Animal Neglect Law and Legal Definition

Animal neglect or abandonment is a common type of animal cruelty where people do not provide adequate care for animals in their charge. The neglected animal may be their own pet, a farm animal, or wildlife. A neglected animal is not provided with proper food, water, veterinary care, shelter and socialization. Chaining an animal for a long period of time can also be neglect and is considered illegal in many municipalities and several states.

Neglect may be deliberate abuse or simply a failure to take care of an animal. Either way, the offender is strictly punishable for such acts of animal cruelty. If the neglect is unintentional, correctional authorities try to correct the situation by making the owner aware of basic animal care requirements. Generally, legal systems and welfare agencies is prone to intervene in severe cases of animal neglect or in cases involving large numbers of animals.

All U.S. states have animal cruelty laws, and 46 states and District of Columbia treat some forms of abuse as felonies. Most states' animal cruelty statutes contain provisions that address the minimum standards of care for an animal. Definitions of terms such as adequate food, water, shelter and veterinary care are also included in these provisions. In many cases, animal neglect can be prosecuted as a felony if the neglect was intentional, malicious or extreme enough to be considered "torture" or to have caused extreme physical suffering or death.

Following is an example of a state statute (Illinois) on: a) an owner’s duties towards animals, and b) cruel treatment of animals:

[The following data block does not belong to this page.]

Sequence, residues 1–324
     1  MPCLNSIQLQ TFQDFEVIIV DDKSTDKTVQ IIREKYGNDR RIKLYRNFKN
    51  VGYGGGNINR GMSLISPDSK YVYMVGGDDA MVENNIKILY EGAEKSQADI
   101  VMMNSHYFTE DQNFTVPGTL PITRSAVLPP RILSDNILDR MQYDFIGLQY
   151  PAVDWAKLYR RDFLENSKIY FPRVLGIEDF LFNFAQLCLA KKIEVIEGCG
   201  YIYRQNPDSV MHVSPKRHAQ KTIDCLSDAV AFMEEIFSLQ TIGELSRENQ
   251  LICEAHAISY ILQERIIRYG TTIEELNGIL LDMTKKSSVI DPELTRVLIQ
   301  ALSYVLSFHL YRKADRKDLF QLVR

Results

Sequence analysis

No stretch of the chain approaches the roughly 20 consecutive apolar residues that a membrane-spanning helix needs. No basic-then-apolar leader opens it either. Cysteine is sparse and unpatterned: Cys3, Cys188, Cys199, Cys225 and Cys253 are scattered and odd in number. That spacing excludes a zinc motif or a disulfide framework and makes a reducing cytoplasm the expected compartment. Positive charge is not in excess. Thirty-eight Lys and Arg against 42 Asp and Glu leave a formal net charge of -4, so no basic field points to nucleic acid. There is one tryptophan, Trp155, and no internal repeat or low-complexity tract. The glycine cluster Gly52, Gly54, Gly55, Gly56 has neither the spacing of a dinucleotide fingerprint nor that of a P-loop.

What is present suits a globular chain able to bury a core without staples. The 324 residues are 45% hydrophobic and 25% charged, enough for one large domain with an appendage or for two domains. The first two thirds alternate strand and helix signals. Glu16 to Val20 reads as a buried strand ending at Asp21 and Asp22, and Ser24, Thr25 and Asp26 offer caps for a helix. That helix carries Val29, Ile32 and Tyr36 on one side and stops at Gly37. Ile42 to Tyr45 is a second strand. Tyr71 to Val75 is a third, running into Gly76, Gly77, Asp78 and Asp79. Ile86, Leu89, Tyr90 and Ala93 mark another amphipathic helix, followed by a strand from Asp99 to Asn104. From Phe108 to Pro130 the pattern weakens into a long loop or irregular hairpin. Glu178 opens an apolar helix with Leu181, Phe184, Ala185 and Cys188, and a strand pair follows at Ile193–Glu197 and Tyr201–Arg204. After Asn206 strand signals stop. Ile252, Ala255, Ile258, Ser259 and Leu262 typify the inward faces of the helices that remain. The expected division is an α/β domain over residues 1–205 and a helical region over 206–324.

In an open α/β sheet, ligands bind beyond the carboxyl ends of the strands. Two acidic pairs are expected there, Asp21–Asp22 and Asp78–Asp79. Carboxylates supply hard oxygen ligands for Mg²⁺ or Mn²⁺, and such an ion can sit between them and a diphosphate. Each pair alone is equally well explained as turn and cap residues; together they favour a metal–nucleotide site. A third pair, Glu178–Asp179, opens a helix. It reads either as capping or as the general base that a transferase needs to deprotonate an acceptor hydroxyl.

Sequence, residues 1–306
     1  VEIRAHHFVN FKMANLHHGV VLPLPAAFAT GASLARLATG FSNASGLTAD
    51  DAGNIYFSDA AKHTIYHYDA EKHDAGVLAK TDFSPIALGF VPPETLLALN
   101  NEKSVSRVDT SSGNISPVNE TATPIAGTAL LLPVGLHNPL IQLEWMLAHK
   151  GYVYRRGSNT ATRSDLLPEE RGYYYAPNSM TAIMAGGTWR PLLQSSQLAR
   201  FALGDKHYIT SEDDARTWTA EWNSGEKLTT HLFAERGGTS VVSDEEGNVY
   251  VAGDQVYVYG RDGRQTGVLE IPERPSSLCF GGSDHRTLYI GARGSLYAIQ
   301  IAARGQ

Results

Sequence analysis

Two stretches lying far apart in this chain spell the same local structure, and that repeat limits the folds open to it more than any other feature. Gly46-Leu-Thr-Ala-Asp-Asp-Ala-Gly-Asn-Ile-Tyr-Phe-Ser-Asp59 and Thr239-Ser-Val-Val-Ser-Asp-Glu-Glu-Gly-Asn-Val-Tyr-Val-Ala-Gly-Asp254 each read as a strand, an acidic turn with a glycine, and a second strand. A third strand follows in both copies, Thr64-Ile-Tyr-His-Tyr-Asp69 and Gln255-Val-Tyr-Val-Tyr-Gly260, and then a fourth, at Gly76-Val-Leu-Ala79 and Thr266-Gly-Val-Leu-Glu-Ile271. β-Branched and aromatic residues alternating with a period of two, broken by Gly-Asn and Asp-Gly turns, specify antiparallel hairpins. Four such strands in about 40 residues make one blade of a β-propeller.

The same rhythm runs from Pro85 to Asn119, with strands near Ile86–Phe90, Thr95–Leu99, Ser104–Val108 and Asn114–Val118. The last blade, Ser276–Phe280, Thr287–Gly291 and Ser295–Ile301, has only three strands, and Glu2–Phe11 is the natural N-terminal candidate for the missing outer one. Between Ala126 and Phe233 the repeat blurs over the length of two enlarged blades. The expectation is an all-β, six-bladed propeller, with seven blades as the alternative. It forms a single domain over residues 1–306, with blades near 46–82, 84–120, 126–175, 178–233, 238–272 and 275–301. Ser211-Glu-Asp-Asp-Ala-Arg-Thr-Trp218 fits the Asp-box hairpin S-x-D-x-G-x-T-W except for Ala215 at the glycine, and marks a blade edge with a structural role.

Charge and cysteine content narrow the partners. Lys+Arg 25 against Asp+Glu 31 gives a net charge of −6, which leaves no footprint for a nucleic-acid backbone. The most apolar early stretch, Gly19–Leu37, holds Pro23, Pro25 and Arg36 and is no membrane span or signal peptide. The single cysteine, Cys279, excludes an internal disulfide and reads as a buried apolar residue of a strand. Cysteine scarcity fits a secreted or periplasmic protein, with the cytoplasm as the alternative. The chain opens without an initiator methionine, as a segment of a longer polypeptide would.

510 ILCS 70/3. Owner's duties

Sec. 3. Owner's duties. Each owner shall provide for each of his animals:

(a) sufficient quantity of good quality, wholesome food and water;

(b) adequate shelter and protection from the weather;

(c) veterinary care when needed to prevent suffering; and

(d) humane care and treatment.

A person convicted of violating this Section is guilty of a Class B misdemeanor. A second or subsequent violation is a Class 4 felony with every day that a violation continues constituting a separate offense. In addition to any other penalty provided by law, upon conviction for violating this Section, the court may order the convicted person to undergo a psychological or psychiatric evaluation and to undergo any treatment at the convicted person's expense that the court determines to be appropriate after due consideration of the evaluation. If the convicted person is a juvenile or a companion animal hoarder, the court must order the convicted person to undergo a psychological or psychiatric evaluation and to undergo treatment that the court determines to be appropriate after due consideration of the evaluation.

510 ILCS 70/3.01. Cruel treatment.

Sec. 3.01. Cruel treatment. No person or owner may beat, cruelly treat, torment, starve, overwork or otherwise abuse any animal.

No owner may abandon any animal where it may become a public charge or may suffer injury, hunger or exposure.

A person convicted of violating this Section is guilty of a Class A misdemeanor. A second or subsequent conviction for a violation of this Section is a Class 4 felony. In addition to any other penalty provided by law, upon conviction for violating this Section, the court may order the convicted person to undergo a psychological or psychiatric evaluation and to undergo any treatment at the convicted person's expense that the court determines to be appropriate after due consideration of the evidence. If the convicted person is a juvenile or a companion animal hoarder, the court must order the convicted person to undergo a psychological or psychiatric evaluation and to undergo treatment that the court determines to be appropriate after due consideration of the evaluation.